Du chocolat! Dieu nous en garde!

September 29th, 2008 No comments

In Charpentier’s delightful divertissement Les plaisirs de Versailles, Comus, the “God of Feasting” seeks to calm a dispute between the haughty diva Music and the loquacious Conversation by offering the delights of marzipan, fine wine, and above all, Chocolate. Music is aghast, but Conversation is quite eager to sample the delicacy.

Comus: Let your disputes not cause commotion here! Let us play. To both of you beauties I shall give chocolates.

La Musique: Chocolate! God forbid that he give any to this chatterbox. As for me, I tell you, I do not wish to taste any. She would never cease her hot-air chatter.

La Conversation: Chocolate is good, dear Comus. By your influence I long to taste a little.

La Musique: No, Comus!

La Conversation: Comus, to listen to her is to waste good time. Chocolate!

Music’s concern about the effect of chocolate on the “babbling divitnity” Conversation, is understandable to anyone who has spent Halloweeen in the company of a 5-year-old.

Columbus brought cacao to Europe when he returned in 1502, but it was not until the 1615 wedding of Louis XIII to Anne of Austria (the daughter of Phillip II of Spain) that the French court discovered the strange brew known for its revitalizing and aphrodisiacal properties and declared chocolate as the drink of the French court. In France, as elsewhere in Europe, chocolate was met with skepticism and was considered a “barbarous product and noxious drug”. As with coffee, not everyone was eager to accept the mysterious new drink.

Initially, Chocolate was seen as having largely medicinal properties. In the first official statement about chocolate is made by Bonavontura Di Aragon, brother of Cardinal Richelieu, described the use of chocolate as stimulating the healthy functioning of the spleen and other digestive functions. 1659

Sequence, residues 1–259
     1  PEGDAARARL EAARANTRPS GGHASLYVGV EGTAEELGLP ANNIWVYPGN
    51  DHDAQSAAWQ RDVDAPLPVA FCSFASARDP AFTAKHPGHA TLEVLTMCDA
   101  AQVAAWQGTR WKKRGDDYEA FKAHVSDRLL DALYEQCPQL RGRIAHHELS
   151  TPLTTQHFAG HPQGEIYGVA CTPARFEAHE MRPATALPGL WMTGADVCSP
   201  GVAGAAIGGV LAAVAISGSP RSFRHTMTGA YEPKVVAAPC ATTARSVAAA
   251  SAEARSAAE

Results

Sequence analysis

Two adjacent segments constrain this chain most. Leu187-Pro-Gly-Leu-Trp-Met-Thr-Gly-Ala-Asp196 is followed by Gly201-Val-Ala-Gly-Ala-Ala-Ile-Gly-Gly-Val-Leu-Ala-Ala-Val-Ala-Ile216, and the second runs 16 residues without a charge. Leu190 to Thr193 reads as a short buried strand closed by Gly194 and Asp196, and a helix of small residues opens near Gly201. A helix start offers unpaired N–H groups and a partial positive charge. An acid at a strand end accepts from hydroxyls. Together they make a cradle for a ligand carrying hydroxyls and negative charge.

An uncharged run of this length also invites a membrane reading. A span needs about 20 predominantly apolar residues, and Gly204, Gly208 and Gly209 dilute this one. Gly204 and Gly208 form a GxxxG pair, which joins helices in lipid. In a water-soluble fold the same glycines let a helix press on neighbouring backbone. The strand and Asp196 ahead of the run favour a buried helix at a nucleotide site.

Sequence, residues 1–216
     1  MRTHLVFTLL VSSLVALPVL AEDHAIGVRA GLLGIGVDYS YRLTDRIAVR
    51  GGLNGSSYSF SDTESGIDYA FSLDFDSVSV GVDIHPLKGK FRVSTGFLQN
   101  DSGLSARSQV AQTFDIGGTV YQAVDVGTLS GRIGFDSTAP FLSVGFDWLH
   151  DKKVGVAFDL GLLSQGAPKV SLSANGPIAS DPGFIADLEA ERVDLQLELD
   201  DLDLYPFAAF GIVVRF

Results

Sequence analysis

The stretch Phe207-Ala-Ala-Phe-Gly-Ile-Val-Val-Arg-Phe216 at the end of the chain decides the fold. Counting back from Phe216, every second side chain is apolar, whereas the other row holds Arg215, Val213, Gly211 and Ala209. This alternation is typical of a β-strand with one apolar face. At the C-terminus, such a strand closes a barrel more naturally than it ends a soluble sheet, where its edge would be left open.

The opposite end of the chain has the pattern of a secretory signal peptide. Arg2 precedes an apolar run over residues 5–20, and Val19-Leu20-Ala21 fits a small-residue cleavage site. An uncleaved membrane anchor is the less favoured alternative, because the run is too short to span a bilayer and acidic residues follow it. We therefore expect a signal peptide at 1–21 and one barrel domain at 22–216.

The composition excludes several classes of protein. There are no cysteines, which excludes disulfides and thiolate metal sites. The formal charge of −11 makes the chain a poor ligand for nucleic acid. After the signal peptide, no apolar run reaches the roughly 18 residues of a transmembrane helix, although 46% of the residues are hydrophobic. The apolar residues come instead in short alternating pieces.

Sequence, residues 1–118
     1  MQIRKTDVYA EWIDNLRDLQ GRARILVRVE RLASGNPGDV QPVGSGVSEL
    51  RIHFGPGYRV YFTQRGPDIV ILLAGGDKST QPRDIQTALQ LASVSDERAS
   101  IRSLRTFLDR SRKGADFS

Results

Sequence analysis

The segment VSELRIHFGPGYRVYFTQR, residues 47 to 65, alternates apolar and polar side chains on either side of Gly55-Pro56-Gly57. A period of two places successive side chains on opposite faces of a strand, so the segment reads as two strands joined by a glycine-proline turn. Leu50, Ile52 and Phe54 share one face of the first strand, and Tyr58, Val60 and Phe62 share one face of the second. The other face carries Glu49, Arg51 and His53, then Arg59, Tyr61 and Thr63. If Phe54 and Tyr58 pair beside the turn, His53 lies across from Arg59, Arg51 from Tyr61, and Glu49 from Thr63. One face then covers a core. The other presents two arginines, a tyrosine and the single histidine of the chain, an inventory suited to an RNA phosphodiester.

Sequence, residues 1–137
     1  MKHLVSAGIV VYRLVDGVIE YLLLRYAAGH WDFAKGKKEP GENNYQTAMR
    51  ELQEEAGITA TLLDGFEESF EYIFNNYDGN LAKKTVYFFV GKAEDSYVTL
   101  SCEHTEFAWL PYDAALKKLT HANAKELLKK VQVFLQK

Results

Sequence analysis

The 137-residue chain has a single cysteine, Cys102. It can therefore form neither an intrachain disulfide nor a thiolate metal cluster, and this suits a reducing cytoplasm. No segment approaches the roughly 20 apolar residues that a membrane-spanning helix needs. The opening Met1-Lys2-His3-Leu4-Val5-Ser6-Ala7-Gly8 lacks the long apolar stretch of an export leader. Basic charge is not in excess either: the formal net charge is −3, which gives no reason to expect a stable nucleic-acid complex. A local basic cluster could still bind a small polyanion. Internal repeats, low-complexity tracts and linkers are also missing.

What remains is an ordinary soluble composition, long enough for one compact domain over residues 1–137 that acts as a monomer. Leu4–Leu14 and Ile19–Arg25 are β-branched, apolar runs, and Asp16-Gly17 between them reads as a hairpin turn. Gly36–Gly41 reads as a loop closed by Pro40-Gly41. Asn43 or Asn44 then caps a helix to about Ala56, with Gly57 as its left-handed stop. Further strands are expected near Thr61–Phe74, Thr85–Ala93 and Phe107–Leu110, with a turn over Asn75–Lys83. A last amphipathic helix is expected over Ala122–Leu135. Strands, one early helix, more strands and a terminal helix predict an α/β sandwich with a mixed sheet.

Louis XIV gives the chocolate monopolies of the Paris chocolate drink trade and the French Royal Court to David Chaillou, a baker who made costly biscuits and cakes with chocolate—France’s first “chocolatier.”

“Un’ opera ridicola, ma bellissima”

April 4th, 2008 No comments

“Monday or Tuesday, I will put on stage the third opera, also mine, which is for amusement, because it is a comic opera, but most beautiful, and it is called Il Trespolo; and because here they delight in comic things, I believe it will be an infallible hit.”

So Alessandro Stradella described his opera Il Tespolo Tutore in a letter to one of his patrons in 1679 before performances at the Teatro Falcone in Genoa. Featuring the bumbling character Trespolo from the popular stories of Ricciardi, Stradella’s opera is indeed “ridicola” bordering on slapstick and replete with vulgar language, cross dressing, and sexual innuendo – as popular in the early days of comic opera as today.

Il Dottore

Il Dottore

The main character, and the butt of endless jokes, is the foolish tutor Trespolo, a character modelled on the commedia figure of Il Dottore. “Trespolo” is not a real name – it’s rough meaning is “tripod” – and it was used at the time to mean something rickety that can barely stand up – an apt description of the main protagonist. The remainder of the cast includes Trespolo’s ward Artemisia (Catherine Webster) who is in love with him but too shy to tell him, Nino (José Lemos) who is in love with her and later goes mad, Ciro (Jennifer Ellis-Kampani) his initially crazy brother who also loves Artemisia, Simona (Paul Elliott) their old, foolish nurse, and Despina (Laura Heimes), her shrewd daughter. The instrumental ensemble, typically small as in all of Stradella’s operas, consists of two violins (Rob Diggins and Jolianne von Einem), violoncello (me), theorbo (David Tayler), and harpsichord (Katherine Heater).